Film Review: Gentleman’s Agreement
In the 1947 film Gentleman’s Agreement a star reporter is assigned a series on anti-Semitism. The editor of the magazine tells Phil Green (Gregory Peck) that he doesn’t just want the pieces filled with statistics, that anyone can find facts and figures to make a case on the prevalence of anti-Semitism. Instead, he wants Green to explore the human aspect of the hate, the visceral feelings against Jews. In order to really, personally experience the emotions needed to write the exposes right, to do them justice, Green must feel the injustice of being a Jew. Thus, he pretends he and his family are Jewish. After he goes to check into a country club and is revealed as Jewish, he finds the place is suddenly at full capacity. Other times, he applies for jobs that are vacant for non-Jews but not Jews. His son is called a “dirty Jew” at school and comes home crying. There are neighborhoods where no Jews reside, and it’s no coincidence. Some people simply won’t rent to Jews.
In the end, Green fools everyone. His secretary believes he’s Jewish, the staff reporters, his super, everyone. But nothing about him has changed. He looks the same; he has the same hair, face, bone structure, personality, sounds the same, etc. Only now he’s Jewish.
What the main character of the film felt for a time period was felt by Jews everyday back then, all their lives, and has been felt for decades prior. Yet there are many Jews who cringe when they experience anti-Semitism, but stop there. They go home feeling terrible, and regretting not saying or doing something about it. They swear that next time they will intervene. Some of those Jews become indifferent to the anti-Semitism. They feel that there is nothing they can do to change anyone’s minds. They give up and say it’s the loss of the anti-Semitic person or institution for not wanting them. They feel they shouldn’t have to prove themselves worthy of acceptance. They may have tried once to right a wrong and failed, and never tried again. They may pass off the job of ridding the world of anti-Semitism on another. They may feel that their single efforts won’t amount to much, and ask themselves, “How much any can one person actually do to right a wrong?” If Martin Luther King, Jr., and Mahatmas Gandhi believed that, and so many other activists like them, African Americans would still be segregated and lacking civil rights and India wouldn’t have received its independence. These brave men broke barriers. They did the impossible, yet so many take their sacrifices, efforts, and accomplishments for granted.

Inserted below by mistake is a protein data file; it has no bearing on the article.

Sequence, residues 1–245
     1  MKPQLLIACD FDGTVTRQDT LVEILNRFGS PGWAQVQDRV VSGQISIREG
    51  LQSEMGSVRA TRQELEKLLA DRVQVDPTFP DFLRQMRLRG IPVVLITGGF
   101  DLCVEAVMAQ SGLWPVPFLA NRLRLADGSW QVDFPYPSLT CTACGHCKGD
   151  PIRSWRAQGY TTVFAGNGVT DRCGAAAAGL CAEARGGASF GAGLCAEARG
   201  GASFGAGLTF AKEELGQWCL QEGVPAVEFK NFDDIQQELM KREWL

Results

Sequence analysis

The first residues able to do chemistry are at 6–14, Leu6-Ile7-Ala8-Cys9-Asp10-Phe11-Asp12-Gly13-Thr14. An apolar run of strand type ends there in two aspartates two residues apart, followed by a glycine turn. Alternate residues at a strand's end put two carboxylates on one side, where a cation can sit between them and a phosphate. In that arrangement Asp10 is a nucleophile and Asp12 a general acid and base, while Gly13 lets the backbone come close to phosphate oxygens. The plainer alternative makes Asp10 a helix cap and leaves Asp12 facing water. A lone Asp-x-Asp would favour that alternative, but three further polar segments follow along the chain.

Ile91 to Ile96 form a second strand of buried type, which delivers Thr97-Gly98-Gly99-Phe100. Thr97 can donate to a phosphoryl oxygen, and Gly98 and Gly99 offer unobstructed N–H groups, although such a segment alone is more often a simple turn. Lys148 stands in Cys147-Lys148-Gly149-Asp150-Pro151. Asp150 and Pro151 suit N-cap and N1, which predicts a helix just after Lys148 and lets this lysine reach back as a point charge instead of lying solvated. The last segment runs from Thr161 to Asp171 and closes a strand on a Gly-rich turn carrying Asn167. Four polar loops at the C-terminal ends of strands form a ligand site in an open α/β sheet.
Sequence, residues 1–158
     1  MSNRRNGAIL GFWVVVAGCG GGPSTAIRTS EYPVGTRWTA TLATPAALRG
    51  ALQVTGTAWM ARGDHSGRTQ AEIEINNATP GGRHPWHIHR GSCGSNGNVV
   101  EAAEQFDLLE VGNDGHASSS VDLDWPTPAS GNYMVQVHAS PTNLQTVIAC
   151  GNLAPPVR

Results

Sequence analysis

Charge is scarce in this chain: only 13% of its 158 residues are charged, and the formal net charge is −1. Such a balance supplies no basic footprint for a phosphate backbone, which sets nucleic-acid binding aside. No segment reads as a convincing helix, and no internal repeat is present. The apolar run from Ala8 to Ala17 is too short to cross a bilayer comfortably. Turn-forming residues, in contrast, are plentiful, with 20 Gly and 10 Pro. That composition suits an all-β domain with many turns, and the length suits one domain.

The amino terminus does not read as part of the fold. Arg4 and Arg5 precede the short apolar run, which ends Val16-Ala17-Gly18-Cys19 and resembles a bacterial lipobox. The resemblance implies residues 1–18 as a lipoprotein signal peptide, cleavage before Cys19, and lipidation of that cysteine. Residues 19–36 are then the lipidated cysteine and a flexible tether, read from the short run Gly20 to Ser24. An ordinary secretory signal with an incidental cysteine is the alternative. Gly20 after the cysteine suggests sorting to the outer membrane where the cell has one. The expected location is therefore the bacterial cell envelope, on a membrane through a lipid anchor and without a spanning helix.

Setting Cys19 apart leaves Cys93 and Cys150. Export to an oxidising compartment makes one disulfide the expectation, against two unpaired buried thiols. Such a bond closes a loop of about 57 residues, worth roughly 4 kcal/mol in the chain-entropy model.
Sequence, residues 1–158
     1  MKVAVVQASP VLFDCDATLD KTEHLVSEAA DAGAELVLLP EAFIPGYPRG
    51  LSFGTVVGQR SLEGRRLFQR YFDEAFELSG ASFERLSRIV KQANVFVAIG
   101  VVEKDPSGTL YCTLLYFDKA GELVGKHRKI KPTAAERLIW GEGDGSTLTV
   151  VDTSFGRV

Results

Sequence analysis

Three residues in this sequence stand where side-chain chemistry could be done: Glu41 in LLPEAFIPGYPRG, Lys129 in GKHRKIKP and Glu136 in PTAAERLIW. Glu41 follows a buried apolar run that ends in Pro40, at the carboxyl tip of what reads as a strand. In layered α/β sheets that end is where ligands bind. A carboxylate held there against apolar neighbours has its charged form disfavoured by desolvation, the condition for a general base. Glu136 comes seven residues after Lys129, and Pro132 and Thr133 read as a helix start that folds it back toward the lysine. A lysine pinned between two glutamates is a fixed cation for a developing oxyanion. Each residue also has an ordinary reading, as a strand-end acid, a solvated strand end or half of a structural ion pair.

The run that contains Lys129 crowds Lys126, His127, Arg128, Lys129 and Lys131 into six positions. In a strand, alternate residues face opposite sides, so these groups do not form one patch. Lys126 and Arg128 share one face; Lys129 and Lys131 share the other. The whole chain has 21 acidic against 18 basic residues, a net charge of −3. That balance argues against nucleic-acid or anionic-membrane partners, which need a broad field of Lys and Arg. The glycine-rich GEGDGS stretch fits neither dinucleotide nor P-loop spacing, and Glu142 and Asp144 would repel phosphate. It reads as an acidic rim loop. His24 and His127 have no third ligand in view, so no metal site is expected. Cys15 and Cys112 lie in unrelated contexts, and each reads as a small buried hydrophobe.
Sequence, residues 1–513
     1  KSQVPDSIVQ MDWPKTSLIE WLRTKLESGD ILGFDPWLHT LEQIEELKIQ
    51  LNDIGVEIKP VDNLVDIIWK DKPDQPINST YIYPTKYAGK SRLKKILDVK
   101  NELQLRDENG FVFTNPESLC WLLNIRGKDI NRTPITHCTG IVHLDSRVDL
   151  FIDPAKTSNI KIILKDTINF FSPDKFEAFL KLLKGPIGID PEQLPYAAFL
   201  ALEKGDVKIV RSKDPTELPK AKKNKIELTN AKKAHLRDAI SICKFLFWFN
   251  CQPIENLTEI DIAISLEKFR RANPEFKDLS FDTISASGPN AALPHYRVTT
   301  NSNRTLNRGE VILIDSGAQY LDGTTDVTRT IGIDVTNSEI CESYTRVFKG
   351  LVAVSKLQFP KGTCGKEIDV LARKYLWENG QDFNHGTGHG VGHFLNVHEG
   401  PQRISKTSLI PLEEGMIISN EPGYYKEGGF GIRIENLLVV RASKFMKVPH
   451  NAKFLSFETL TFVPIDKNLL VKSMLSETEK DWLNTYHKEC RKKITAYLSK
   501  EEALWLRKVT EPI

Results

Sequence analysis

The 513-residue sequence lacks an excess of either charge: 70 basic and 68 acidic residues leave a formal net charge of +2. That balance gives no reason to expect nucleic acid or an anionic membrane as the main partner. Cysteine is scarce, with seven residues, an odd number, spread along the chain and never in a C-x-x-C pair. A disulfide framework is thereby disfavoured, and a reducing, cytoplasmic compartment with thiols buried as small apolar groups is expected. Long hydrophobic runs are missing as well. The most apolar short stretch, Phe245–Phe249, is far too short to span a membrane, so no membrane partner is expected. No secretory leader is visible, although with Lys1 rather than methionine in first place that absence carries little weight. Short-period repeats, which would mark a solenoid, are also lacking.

And while Green delved deep into anti-Semitism and personally felt the pinch, critic Bosley Crowther of The New York Times in 1947 complained that Green’s character failed to fully explore anti-Semitism. She noted that Green’s purview of observation and analysis was flawed in that it was based solely on high society in business and social settings. This, she alluded to, was why the anti-Semitism Green experienced was “petty bourgeois rebuffs.”
I agree that Green should have widened his subject of study and report—his findings may have been worse in less refined, elitist circles. However, I would have to disagree with the characterization of Green’s experience as “petty bourgeois rebuffs.” To characterize any anti-Semitism as such is an incredible understatement.
Adding that the character of Green, particularly because he was an astute reporter, was “extraordinary naÃ¯ve” in that he was so surprised that anti-Semitism is “cruel” is perhaps a better assessment by Crowther. But I think Crowther overlooked the point that until you really experience something firsthand, you haven’t really experienced it. You may read and study and think you know what it feels like, how incensed it can make you, but your notion of cruel takes on new, more intense meaning when you feel it.
In 1997 (fifty years since the film’s premiere) the Times did another film review of Gentleman’s Agreement. It in, writer George F. Custen uncovered the film’s subtle shortcomings that tell of a Hollywood and its Jewish stewards not yet comfortable with the public’s eye on the issue of anti-Semitism. As Custen reveals, this is evidenced by the title of Green’s expose on anti-Semitism, “I Was a Jew for Six Months,” and what the title didn’t say rather than what it did say. The title was clear and concise. However, it lacked blunt moral authority and social correctness. For Custen, the title implied that being known as Jewish would mean you would suffer anti-Semitism. The title didn’t necessarily make a strong point against anti-Semitism. Had the title instead been, “This Country Needs to Stop All the Unfair Discrimination of Jews,” more assertive, it would have been better.